Management planning in the Countryside
Ever wondered if you’ve got the management of your sites quite right? Do you have clear objectives? If so, how do you know if you are meeting those objectives? Is it time for a review of your site management? How would you go about that? So often we manage a site in a particular way because that’s the way it’s always been managed but, in order to get the most out of the, sometimes, meagre resources available, we need to have clear objectives. Having defined those objectives we then need some way of assessing whether those objectives are being achieved. But how do you go about achieving this?
Well, in order to help you we are arranging a workshop, here in Talgarth, with someone who has been, and continues to be, one of the key figures in the development of the managing sites for conservation, Dr. Mike Alexander. And we would like to invite you along. Suitable for anyone who works in or would like to work in the countryside or nature conservation, the workshop will not only be about the principles that guide our management planning but will provide advice on how to identify the important features of your site and set objectives for them. You will learn how to plan the work to achieve your objectives and to monitor your progress. But places are limited to 10 so if you’re interested let us know straight away.
Dates 8th/9th April 2019
Location exegesis Training Suite, Talgarth. See here for more details.
Mike Alexander is a well-known and highly respected figure in Nature Conservation in the UK and beyond. Many of you will know him from the Countryside Management and planning courses he ran until recently at Plas Tan-y-Bwlch in the Snowdonia National Park for 25 years. If you have not attended one of Mike’s courses before you would be well-advised to take advantage of this opportunity. Here’s an excerpt from Mike’s own CMS Guide to Management Planning which you can download from here :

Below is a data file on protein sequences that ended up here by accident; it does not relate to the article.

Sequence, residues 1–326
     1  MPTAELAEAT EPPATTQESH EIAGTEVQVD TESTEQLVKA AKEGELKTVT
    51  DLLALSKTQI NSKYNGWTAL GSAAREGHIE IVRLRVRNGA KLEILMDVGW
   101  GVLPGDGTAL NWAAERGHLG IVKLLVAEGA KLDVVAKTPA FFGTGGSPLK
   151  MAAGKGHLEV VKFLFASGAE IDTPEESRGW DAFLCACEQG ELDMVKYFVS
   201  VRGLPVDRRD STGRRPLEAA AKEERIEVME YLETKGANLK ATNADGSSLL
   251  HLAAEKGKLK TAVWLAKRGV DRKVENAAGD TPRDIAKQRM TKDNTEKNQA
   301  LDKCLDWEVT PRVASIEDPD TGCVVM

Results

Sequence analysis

“Good planning is the key to good management. Planning is the intellectual or ‘thinking’ component of conservation management.
It is, or should be, a dynamic, iterative process. Learning from experience, or adaptive management, is the key to effective planning.
It is about recognising the things that are important and making decisions about what we want to achieve and what we must do.
Planning is about sharing this process with others so that we can reach agreement; it is about communication; it is about learning.
The planning process that we will consider in the workshop can be applied to any place which is managed entirely, or in part, for wildlife.
It is equally relevant to nature reserves, where conservation is the primary land use, and country parks, where wildlife management may be a secondary interest.
It can be applied to the management of species or habitats in any circumstance, regardless of any site designation.
It is as relevant at a landscape scale as it is on a small local nature reserve.“
Planning does not have to be complicated; plans only need answer five essential questions:
- Why are we here? (Policy)
- What have we got? (Description)
- What is important? (Evaluation)
- What do we want? (Objectives)
- What must we do? (Actions)
The workshop will cover each of these areas. In addition we will deal with some of the more interesting and challenging aspects of Nature Conservation, these will include:
- Why conserve wildlife?
- What do we think ‘nature conservation’ should be?
- What can we do?
Because this thinking is crucial to CMSi, we thought we would follow-up on the 10th April with a day looking at how CMSi implements the good management planning approach that we will have developed on the previous two days. This third day is optional and will cost £60.
Further details are available here. If you are interested please let us know by emailing us at firstname.lastname@example.org